But how often do people focus on the effects of touching a lot of plastic or feeling clothing of synthetic fiber?  Or just being away from the variegated tactile stimulation that comes from all the organic phenomena in a natural environment?  They don’t.  I think it has to do with the fact that touch leads to an experience of sensory merger with the phenomenon being sensed, such that there are few discrete stimuli elements involved in the experience.  This means that it makes it difficult to measure the degree of touch distortion involved in being surrounded by plastics.  And touch pollution in this case is not involved in abrasive overstimulation as in air, noise, and visual pollution.  There can be chemical irritation to the skin, but what I am primarily focusing on is the subtle understimulation that comes from constantly coming into contact with materials that don’t breathe.  It is hard for me to even conceive of setting up experiments that test this idea.  But think about the synthetic things with which we are most often in tactile contact.  I am talking about synthetic clothing.  Yes, such clothing keeps its creases.  Yes, such clothing is easy to wash and dry.  But it doesn’t breathe.  And because it doesn’t breathe, it is numbing.  So that it is hard to fully experience such clothing in the same way we experience clothing made from organic materials.

            It is true that some synthetic clothing is made with a loose weave, so our body can experience respiration in the spaces within the weave.  But there is still a large proportion of the space covered by the piece of synthetic clothing that is still covered by the actual synthetic fiber.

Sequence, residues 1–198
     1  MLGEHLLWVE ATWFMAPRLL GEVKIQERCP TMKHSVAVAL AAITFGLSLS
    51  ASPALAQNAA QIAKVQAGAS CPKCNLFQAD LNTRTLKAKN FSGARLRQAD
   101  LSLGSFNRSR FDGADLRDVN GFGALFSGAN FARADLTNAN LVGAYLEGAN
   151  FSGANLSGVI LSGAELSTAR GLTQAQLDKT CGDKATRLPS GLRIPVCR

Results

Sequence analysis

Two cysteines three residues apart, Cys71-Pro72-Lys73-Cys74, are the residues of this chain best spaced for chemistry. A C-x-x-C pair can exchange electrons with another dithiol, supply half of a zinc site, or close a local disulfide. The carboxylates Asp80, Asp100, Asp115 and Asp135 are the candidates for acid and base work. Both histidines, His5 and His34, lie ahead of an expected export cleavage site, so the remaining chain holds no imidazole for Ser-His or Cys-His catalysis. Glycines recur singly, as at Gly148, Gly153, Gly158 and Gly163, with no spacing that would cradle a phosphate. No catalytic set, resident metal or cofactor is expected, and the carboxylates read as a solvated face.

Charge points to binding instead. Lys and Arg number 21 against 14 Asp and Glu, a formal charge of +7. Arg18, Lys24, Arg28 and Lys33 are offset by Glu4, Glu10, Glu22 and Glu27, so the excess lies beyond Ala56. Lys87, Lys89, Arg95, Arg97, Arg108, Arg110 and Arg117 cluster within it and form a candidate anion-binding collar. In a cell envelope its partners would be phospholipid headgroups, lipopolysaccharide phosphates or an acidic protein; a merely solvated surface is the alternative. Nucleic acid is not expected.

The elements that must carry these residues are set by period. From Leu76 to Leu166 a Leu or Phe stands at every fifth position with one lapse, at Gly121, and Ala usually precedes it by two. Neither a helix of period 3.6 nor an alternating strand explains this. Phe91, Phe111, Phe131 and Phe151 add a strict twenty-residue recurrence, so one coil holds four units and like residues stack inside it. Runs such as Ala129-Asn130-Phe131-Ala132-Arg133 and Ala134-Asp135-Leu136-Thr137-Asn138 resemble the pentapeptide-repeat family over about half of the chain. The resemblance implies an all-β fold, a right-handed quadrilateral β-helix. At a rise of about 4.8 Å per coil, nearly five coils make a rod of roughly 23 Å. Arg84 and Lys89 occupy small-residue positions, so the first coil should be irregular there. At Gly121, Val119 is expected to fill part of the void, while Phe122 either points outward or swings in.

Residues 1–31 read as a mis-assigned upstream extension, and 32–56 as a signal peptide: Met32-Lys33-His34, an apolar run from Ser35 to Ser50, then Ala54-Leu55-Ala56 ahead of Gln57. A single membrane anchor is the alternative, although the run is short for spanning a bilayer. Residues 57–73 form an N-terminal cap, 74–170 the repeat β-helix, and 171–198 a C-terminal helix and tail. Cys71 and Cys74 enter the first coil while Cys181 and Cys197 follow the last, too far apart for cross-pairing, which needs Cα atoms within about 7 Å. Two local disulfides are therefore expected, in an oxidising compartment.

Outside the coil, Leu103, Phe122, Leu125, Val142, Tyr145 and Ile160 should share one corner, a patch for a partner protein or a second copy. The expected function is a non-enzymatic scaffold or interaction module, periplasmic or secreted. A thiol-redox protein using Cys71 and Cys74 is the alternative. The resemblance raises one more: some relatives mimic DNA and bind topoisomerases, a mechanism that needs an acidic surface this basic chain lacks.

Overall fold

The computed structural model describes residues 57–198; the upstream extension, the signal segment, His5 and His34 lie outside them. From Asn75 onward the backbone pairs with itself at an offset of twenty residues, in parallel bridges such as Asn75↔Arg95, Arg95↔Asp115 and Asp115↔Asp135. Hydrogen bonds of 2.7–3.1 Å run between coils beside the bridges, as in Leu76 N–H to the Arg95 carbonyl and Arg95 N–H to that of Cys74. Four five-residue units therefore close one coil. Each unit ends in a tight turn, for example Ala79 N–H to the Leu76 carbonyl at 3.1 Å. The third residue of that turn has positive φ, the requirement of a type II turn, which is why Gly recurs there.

And then, of course, there are all the objects made of plastic that are in our fields of experience.  Plastic cups and plates, plastic forks and knives, plastic pens, plastic jewelry, plastic bags, plastic machine parts, plastic furniture, plastic cars…….the list goes on and on.  It is not just a matter of tactile contact with an occasional object.  Our whole field of experience is permeated by numbing, non-breathing plastic.  Cold vacuum-creating plastic.  And almost all of these objects are smooth, so they are lacking the interesting variegated textures found in more organic materials.

            Yes, plastic is being used for many useful purposes in modern technological society.  It is being used to create new body parts to help people survive and live more fully functional lives.  It is being used for many different machine parts because it is light, durable and strong.  And it is used for many other objects, where the fact that it is light, durable and strong is an advantage.  Nevertheless, plastic is also creating a lot of sensory distortion, a lot of touch pollution  that is contributing to a total experiential aggregation that is deadening our lives. 

            Touch is a sense that we neglect in modern technological society.  We are instead focused on our visual interactions with our video games, computers, tablets and smartphones, and our audio interactions with all of these devices as well as with our iPods and our MP3 players.  But we neglect touch at our peril.  Touch is a very important part of our human nature.  It is a very important component in the way we relate with and bond to our living environment.  Without it, we are one step closer to becoming robots.

(c) 2013 Laurence Mesirow